Some children require medications given by subcutaneous injection (shot under the skin) during their treatment. For example, Neupogen (G-CSF), a colony-stimulating factor that is often used to boost the white blood cell count, and methotrexate are usually given by injection.
We found that giving 4-year-old Joseph as much power in the process as possible really helped. The shots themselves are non-negotiable, but there are many parts of the process where the child can have some control (where to put the EMLA cream, where to be sitting for the cream and/or the shot, who holds him, what Beanie baby to hold during the procedure, etc.). We also made sure to have a consistent little treat available afterwards, although this became unnecessary after a while. Even at 4, Joseph loved money, so for a long time he kept a pint jar, which would travel to the hospital and back home again, and he'd get to drop in a nickel for each pill successfully swallowed (a huge chore for him) and a quarter for each shot. Of course, adults would look very surprised when we told them we gave Joseph "quarter shots." Something tells me the bar scene will be very confusing to him when gets to college.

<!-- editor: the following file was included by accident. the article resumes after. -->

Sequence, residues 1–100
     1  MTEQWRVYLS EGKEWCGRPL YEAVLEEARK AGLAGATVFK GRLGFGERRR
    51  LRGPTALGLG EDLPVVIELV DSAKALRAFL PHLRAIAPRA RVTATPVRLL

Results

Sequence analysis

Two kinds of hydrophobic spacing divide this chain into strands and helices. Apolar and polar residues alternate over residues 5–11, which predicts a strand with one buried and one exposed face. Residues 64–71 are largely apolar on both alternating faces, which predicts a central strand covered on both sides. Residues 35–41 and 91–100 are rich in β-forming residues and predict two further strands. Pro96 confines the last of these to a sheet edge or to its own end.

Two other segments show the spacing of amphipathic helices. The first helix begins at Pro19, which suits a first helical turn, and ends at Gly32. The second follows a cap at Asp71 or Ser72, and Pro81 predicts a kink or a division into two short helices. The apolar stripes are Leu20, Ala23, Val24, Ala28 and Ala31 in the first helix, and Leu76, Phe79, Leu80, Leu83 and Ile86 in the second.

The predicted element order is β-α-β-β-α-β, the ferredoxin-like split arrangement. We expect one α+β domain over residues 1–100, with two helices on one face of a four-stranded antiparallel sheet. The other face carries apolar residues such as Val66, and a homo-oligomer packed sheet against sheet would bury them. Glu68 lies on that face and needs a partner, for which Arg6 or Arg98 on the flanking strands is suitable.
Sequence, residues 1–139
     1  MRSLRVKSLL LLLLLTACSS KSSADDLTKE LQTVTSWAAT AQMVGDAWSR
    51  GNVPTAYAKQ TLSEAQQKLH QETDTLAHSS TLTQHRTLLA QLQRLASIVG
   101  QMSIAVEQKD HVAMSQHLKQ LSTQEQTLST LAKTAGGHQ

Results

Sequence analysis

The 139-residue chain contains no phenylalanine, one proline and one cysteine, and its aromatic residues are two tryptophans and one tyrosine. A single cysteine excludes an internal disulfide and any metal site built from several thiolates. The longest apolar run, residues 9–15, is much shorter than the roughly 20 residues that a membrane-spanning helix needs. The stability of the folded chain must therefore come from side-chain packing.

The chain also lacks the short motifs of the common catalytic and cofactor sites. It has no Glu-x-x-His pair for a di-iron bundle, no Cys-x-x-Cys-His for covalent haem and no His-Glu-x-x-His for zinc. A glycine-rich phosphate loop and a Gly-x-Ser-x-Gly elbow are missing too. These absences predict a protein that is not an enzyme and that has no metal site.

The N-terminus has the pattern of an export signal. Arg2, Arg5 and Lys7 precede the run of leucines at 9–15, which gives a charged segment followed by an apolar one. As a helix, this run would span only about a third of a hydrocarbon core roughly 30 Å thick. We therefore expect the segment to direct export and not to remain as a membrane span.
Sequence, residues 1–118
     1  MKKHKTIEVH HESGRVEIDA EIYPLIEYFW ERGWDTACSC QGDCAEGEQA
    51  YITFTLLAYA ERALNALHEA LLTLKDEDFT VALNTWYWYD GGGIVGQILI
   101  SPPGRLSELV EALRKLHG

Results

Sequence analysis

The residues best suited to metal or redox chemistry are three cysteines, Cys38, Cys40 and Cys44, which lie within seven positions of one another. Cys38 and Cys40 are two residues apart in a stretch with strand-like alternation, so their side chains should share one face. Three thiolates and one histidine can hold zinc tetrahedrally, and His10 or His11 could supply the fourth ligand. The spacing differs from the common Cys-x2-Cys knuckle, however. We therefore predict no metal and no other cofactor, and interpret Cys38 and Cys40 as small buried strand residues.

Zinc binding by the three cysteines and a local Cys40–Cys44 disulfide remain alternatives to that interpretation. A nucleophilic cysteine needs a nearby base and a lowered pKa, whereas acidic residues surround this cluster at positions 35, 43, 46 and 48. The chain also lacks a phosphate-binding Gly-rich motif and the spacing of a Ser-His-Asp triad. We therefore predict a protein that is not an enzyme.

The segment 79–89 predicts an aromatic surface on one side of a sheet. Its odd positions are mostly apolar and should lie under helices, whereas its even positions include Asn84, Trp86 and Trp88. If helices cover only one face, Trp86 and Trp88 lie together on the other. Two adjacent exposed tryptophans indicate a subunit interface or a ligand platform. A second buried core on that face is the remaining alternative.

To minimize pain caused by subcutaneous injections, apply EMLA cream one to two hours before administration. Parents can also reduce pain by rubbing ice over the site to numb the area prior to injection. Other ideas are on the Internet at http://webpages. charter.net/drshrink/gcsftips.htm.
My two boys have ALL. Brian and Kevin both receive[d] IM methotrexate as part of their protocols. Brian, because of his age (12), was very macho about it, used "freezy" spray to numb the thigh, then giggled or made funny faces while the methotrexate was pushed. He had no aftereffects. Kevin, only 4 when they began, still doesn't like them. There were three or four months of overlap, when both boys got shots at the same time every week. This made it easier for Kevin, but he still insisted on an ice pack and freezy spray. Now, he uses the spray only.
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